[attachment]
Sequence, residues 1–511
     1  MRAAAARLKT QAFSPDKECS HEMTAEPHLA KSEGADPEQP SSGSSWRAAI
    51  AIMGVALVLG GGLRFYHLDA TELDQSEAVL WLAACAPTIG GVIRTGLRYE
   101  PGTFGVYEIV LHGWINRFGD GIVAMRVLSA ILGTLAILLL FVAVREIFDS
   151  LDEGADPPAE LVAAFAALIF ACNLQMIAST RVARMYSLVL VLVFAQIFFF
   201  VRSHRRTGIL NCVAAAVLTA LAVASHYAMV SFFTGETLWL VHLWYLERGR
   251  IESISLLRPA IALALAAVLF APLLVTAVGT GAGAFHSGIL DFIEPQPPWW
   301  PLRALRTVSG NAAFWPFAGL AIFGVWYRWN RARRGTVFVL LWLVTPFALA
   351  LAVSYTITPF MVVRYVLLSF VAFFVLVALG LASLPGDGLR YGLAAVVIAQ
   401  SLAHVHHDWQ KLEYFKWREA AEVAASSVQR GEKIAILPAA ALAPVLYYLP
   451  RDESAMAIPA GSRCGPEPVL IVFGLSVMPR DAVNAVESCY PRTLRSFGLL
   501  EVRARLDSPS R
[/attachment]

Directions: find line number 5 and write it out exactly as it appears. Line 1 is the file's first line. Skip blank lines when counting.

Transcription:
   151  LDEGADPPAE LVAAFAALIF ACNLQMIAST RVARMYSLVL VLVFAQIFFF